Love What You Photograph “When you love what you do, it shows in your work. It makes your work look 10 times more amazing.” Like her professional advice, Mari says that your work will show best when you care about the subject. If you don’t, it can show so don’t feel obligated to take snapshots of anything you don’t care about.



WINTER: A COOL TIME TO CREATE HOT NEW SPACES While bears may hibernate for winter, there’s no reason why your renovation plans need to. In fact, as this month’s home pro explains, winter can truly be the coolest time to create hot new spaces for your home that you can enjoy come springtime.


Dave Helland of Helland Construction, is one of those who has firsthand experience making winter dreams become reality. “Winter construction is nothing to be afraid of,” he says. “There may be some days or weeks when we may be limited on what we can do, but overall, there’s plenty of time to complete projects in time to enjoy them by spring.” Helland says a wide variety of projects can be taken on during winter, including screened porches, new or existing deck work, house renovation, and more, including siding and new window installation. “We have tackled a lot of projects during the winter — even things like second story additions,” Helland says. “Sometimes people are surprised at all we can do during winter. But it’s actually a very good time for construction from a moisture standpoint, because it’s much easier to manage the effects of snow than a summer downpour.”

“Winter construction is nothing to be afraid of.” Spring sends new plants skyward. But, as Helland says, they’re not the only things on the rise that time of year. “One thing that seems to happen each spring is that material prices rise. Winter construction helps you save on those material costs before the spring rush.” Another advantage to winter construction is crew availability. As Helland points out, “Because many people wait until warm weather to plan and pursue their home projects, planning a winter project can mean you have easier access to the crews to get it all done.” “Everything I do with new construction is one-of-a-kind,” Helland says. “It all starts with the plan—the idea of what someone would like to see on their property. A great way we’ve had many people start with is showing us an idea they’ve seen online. We can incorporate the idea, draw up the plans, and get to work making it happen.” Above all, the key is to plan ahead. As Helland says, “If you want something done for spring, don’t wait until spring to do it.” Helland Construction has 17 years of experience with a wide variety of construction, renovation, new custom home development and commercial business work. For more information, you can write to or call Dave at 515-231-4622, or visit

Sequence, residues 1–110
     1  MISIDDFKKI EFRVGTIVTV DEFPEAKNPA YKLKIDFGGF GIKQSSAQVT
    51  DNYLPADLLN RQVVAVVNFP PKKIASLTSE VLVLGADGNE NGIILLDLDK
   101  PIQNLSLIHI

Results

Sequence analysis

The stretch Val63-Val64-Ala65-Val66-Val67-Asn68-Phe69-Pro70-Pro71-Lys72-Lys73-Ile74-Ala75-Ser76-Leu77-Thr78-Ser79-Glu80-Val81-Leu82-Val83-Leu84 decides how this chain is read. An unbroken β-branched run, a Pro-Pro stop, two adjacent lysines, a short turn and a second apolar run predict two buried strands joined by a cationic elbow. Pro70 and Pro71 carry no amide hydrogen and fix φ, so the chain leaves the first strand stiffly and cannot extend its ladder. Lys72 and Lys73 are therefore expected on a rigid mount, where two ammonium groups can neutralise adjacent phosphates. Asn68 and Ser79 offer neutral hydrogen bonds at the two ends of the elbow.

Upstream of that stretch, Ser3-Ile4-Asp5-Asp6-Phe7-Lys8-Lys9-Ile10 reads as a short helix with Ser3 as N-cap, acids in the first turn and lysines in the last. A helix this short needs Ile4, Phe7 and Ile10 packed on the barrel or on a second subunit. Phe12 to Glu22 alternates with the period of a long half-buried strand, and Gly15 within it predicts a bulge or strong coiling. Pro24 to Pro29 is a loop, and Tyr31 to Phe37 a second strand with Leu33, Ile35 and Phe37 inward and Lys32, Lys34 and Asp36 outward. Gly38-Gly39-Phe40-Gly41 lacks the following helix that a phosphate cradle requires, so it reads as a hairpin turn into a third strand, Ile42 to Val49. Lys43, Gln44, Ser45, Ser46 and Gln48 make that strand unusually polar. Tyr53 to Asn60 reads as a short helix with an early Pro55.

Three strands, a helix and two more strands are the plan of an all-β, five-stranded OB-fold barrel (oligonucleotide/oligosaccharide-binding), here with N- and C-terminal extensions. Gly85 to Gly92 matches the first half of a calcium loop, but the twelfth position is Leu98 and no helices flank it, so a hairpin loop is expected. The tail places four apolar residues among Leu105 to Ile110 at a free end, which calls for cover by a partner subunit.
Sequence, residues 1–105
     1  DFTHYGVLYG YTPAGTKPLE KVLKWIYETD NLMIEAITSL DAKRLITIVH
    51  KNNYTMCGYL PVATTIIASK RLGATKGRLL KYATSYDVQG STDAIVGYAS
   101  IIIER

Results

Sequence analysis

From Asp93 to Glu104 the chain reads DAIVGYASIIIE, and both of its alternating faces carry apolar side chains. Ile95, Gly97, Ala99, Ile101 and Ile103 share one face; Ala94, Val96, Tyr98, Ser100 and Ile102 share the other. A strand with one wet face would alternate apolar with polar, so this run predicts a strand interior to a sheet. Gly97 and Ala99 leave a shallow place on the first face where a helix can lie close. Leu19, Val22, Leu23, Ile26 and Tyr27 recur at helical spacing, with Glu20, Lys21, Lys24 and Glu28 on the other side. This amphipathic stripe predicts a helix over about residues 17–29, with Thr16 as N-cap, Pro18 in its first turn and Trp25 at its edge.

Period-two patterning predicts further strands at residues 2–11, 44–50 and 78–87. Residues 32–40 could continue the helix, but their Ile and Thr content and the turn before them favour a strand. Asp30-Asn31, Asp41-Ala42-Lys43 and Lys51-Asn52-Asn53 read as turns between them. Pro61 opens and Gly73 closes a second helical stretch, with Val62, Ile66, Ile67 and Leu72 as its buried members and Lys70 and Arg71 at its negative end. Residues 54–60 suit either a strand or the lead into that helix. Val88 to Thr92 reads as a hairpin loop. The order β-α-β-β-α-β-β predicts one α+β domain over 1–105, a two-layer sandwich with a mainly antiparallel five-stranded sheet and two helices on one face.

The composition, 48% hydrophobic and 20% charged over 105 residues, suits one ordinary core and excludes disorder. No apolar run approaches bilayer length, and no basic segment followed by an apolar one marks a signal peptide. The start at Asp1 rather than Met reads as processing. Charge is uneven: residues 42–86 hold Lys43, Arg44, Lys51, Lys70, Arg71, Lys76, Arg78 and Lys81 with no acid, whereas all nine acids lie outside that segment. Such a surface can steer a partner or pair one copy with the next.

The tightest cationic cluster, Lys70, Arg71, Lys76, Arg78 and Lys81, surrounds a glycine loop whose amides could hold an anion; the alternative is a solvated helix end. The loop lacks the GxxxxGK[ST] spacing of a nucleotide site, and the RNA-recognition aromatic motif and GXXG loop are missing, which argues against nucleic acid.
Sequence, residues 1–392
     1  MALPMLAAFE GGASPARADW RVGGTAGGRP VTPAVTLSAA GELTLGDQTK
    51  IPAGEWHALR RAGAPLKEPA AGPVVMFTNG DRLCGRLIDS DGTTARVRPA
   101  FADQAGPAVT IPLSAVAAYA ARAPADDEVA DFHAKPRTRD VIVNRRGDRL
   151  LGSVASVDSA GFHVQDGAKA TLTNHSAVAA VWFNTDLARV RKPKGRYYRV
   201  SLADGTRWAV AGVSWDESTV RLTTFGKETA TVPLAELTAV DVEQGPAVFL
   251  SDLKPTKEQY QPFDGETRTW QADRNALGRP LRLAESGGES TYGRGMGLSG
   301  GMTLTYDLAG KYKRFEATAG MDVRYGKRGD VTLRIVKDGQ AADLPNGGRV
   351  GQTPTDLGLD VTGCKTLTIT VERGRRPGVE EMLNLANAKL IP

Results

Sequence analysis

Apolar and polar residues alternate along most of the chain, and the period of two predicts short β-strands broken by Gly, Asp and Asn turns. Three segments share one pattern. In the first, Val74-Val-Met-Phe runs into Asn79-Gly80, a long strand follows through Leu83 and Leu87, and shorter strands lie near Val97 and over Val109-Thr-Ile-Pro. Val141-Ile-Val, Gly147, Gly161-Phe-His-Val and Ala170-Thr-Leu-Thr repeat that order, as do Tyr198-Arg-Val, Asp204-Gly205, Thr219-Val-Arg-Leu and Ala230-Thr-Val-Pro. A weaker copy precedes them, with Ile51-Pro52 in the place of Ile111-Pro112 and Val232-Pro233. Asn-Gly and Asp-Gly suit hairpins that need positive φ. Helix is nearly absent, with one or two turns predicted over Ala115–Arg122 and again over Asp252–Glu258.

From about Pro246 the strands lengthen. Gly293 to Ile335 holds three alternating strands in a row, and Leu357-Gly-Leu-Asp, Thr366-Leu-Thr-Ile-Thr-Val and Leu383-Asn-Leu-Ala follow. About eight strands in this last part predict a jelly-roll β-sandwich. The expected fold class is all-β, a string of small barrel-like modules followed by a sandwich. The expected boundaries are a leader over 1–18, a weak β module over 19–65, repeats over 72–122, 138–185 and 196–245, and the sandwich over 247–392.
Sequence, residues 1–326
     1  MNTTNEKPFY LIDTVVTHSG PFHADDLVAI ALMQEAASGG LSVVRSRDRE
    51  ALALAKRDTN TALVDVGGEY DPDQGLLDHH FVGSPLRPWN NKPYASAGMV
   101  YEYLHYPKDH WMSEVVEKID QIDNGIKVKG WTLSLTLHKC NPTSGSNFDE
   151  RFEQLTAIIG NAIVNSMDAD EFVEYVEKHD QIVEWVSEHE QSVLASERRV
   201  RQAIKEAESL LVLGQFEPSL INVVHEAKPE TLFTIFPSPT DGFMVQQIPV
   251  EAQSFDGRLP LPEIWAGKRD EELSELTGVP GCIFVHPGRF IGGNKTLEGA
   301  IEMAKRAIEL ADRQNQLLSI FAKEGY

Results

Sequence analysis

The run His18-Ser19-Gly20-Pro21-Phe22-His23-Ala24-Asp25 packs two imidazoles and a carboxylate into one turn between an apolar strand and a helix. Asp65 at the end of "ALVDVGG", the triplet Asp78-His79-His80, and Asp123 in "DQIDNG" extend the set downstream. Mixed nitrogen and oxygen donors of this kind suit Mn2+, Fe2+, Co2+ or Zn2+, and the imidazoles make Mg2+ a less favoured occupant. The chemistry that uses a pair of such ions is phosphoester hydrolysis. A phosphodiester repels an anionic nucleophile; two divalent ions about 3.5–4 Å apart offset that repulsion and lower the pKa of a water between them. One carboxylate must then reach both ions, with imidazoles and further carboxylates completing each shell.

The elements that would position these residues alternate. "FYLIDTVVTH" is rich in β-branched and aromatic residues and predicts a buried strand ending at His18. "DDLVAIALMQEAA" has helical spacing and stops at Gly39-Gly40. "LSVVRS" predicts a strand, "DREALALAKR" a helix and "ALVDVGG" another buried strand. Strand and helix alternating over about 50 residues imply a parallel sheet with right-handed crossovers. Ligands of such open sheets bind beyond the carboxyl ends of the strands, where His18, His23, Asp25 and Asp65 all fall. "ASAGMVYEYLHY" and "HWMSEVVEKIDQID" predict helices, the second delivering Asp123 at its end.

Check Your

Winter Preparedness A few minutes preparing for winter now can save you hours and dollars later. Here’s a checklist to see if your place is set for Iowa’s upcoming cold season: REFRESH CAULKING - Replace cracked or missing caulking around windows and other seams to keep your house buttoned up tight against cold air and the elements.

MAINTAIN YOUR PAINT - Make sure your exterior surfaces are covered against the elements by touching up any bare spots. Also, ensure your deck is properly sealed with a fresh coat to boost longevity.

CLOSE GAPS - Head off possible water and bug infiltration issues by looking for any gaps around the exterior of your home that may have developed in the past year.

INSPECT HEATING SYSTEMS - Today’s homes are made tighter than ever, which means less fresh air naturally making its way inside. A pro should check your system once a year to ensure fresh air intakes are working, as well as overall operation.

KEEP WATER FLOWING - Avoid damaging ice dams. Check gutters, downspouts and places where roofs intersect with walls to ensure that these spaces are clean and ready to allow rain and melting snow to flow away from your house.

STOW YOUR HOSE - Your hose has probably been hooked to a spigot since last spring. Avoid having your pipes in this area freeze by disconnecting your hose and bringing it in for the season.

SHORE UP PATIOS AND CONCRETE - When you see cracks or openings between sections of concrete, there’s the potential for ice to accumulate and damage these areas with ice expansion and contraction. Clean out these areas and use a good sealant to keep water and ice out.

These ideas brought to you by: KRM Development Kaufman Construction 515-419-3680 515-225-6140



Check out last months

AT HOME WITH THE PROS INVEST A LITTLE TIME NOW TO SAVE A LOT LATER. In the months to come, you’ll be snuggled inside your warm home while another Iowa winter plays out. But what’s happening on the outside of your house? Is it prepared for the snow, sleet and ice to come? Now’s the time to take a few simple steps to make sure your home is ready to face the worst. Sure. We know the temptation is to say “there’s plenty of time to take care of that.” But while fall is just beginning, there’s no time like the present to give your house a head start to maintain and protect it. To read full article, download the September Issue of DSM Living magazine.